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Thursday, August 3, 2017

Three Days of BackBone (part 5) - Focus on the Finish

Warming up on rough roads out of Fruitdale, we grit and grind up hot, relentless Tinton Road and climb deep into the heart of the Black Hills to reach idyllic Deerfield Lake on Day 2 of our three day Black Hills BackBone. After an evening of hard recovery with our Support Team at a Custer BnB, we awake to the Challenge of Day 3 - up and down 67 miles on back roads through the rugged, granite-spiked Central Black Hills, then 46 miles of haggard, hard scrabble Southern Prairie. That's 113 miles to the Nebraska border over a lot of tough terrain in mid-summer heat and wind. What do you think?

Difficult. Not impossible.


Part 1 - An Idea Takes Shape.  Part 2 - Gathering.  Part 3 - Crossing the Northern Prairie.  Part 4 - Up and Into the Black Hills.

As the sun starts to set, we roll to NothingThere, Nebraska.
(photo by Corinne Sorge)
We first return to Deerfield Lake, some 31 miles back up the BackBone route, to pick up where we stopped short of Custer last night. Today's forecast looks hot and windy, like yesterday, but more heat and more wind. At least we ride through some forest until mid-afternoon.

Also like yesterday morning, legs feel surprisingly good and spirits upbeat. It's amazing how the body can recover from a hard, all day cycling effort with a solid night's rest. It's even more amazing how the spirit can recover. We're ready. We resolve to start slowly, build a sustainable rhythm for the long day ahead, and finish at the distant border. We got this.

Back to idyllic Deerfield Lake to start Day 3 of the BackBone.
(photo by Corinne Sorge)
Right out of the blocks, we hit Williams Draw Road, a rough USFS secondary road that essentially climbs through dense pine for much of its 8 miles. It's a fun start to the day, but slow going. That's OK. We look to cover a lot of ground today. We drop onto Ditch Creek Road, with faster gravel and milder grades through more open valleys. This is prime elk and deer country, though not many large wild animals are moving around in the heat. Too intelligent.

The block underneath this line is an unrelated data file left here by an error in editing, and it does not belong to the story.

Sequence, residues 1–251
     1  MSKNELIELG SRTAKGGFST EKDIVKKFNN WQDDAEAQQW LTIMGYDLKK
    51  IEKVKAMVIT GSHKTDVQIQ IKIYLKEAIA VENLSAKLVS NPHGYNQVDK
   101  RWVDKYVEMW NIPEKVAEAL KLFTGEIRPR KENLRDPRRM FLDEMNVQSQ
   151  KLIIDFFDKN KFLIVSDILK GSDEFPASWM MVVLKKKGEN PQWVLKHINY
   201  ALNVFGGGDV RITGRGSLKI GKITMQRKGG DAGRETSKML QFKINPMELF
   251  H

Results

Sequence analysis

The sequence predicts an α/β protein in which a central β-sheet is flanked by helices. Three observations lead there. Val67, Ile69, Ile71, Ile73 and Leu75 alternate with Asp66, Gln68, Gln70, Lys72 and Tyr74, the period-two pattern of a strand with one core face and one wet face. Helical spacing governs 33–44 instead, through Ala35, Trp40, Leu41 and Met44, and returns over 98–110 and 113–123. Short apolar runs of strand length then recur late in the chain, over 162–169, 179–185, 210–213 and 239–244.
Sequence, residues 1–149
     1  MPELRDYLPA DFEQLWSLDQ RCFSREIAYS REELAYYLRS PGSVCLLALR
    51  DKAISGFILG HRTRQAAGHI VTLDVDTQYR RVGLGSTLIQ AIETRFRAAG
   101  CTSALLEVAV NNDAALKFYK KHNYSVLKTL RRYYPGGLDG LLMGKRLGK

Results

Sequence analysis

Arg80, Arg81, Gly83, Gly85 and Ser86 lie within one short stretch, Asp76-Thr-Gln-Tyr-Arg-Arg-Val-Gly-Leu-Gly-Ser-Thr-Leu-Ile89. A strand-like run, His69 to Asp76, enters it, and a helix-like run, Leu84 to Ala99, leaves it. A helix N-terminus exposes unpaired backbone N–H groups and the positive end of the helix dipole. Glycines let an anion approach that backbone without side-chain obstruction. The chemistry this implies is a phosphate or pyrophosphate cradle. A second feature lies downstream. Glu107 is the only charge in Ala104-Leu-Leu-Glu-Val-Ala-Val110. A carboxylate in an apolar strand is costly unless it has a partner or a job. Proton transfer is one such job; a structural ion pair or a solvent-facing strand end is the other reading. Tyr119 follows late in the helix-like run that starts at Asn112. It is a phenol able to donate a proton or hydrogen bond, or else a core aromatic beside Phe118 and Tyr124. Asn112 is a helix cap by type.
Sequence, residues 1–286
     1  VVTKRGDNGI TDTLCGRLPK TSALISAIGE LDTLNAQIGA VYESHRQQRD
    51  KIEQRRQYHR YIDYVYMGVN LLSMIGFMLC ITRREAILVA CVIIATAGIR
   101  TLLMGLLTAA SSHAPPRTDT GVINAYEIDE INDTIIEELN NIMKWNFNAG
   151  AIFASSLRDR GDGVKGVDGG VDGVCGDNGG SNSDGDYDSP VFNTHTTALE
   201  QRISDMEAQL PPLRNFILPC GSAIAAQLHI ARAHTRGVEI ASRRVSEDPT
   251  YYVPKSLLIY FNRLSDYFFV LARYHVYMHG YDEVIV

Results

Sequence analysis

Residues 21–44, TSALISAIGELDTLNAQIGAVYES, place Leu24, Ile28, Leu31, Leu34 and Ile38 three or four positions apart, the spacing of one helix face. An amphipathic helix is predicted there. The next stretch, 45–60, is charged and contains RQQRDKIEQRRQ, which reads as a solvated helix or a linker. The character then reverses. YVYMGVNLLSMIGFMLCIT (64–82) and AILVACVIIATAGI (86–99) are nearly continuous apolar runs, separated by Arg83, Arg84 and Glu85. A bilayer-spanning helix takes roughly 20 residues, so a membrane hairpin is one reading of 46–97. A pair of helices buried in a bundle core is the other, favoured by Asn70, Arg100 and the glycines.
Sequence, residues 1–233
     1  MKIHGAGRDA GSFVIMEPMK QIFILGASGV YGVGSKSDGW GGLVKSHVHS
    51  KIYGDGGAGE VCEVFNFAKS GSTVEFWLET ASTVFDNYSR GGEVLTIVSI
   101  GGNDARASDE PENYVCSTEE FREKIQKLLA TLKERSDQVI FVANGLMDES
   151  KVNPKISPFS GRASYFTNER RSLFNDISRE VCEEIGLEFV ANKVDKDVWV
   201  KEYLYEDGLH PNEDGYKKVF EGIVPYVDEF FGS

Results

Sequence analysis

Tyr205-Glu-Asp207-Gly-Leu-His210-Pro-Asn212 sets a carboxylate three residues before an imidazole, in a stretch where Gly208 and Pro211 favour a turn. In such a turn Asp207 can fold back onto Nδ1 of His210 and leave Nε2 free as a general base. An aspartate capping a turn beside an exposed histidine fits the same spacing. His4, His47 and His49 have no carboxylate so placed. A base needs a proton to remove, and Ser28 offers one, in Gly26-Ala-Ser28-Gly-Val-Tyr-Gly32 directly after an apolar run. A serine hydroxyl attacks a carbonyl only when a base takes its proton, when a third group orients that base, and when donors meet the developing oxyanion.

Shaun spinning up Williams Draw Road early on Day 3.
Here, south of Deerfield Lake, the surrounding hills and valleys explode into a spider web of roads, near-roads, wanna-B roads, trails, paths and dead ends. Forsaking many possible adventures in many directions, we focus on the Nebraska border, still over 100 miles to the south. So, we stay on the BackBone route of USFS primary and secondary roads, which are not necessarily less interesting. Turning away from a valley, we climb Custer Limestone Road for the ridge line view of Harney Peak and Crazy Horse on the not so distant horizon. From that vantage, we also see our path far to the south start to open up a little.

On the horizon over Dave's left shoulder lies Harney Peak, with Crazy Horse the lighter stone below and right.
Now, we're moving. Down, down, down Custer Limestone Road and then even more so on Upper French Creek Road. This is fun, fast, flowing gravel, through granite outcroppings, along streams and past some homes. In no time, we turn onto U.S. Highway 16 for a short spin into Custer.

Finally, an extended fast descent. Coasting down Upper French Creek Road toward Custer.
Corinne and Lori set up lunch at Harbach City Park in Custer and then surprise us by riding their bikes up the BackBone route to meet us on Upper French Creek Road. We form a breakaway group of six streaming into Custer together. For the next couple of miles, mid-day traffic surrounds us in this tourist town on the Fourth of July weekend. A bit of a jolt to our remote road serenity.

Folks fill the shaded park, particularly since it's a trailhead for the popular Mickelson Trail. That's a fun rails-to-trails path, but not for us today. Unbeknownst to those enjoying the Mickelson, we focus on the Nebraska border, still 82 gravel and dirt road miles away. We refuel, rehydrate, restock and remount.

Support Team Corinne and Lori are so organized and efficient that they go on their own bike ride.
Out of Custer, we climb again, first up Sidney Park Road and then Flynn Creek Road. But we quickly crest those climbs, neither steep nor long, and fly down a sweet, flowing descent through more granite outcroppings into a widening valley. With big grins, we bottom out on Beaver Creek Road at the restored 19th century Cold Springs School, which doubled as a church in this sparsely populated pocket of the Black Hills. Nearby, the well-maintained cemetery marks the lives of the local settlers.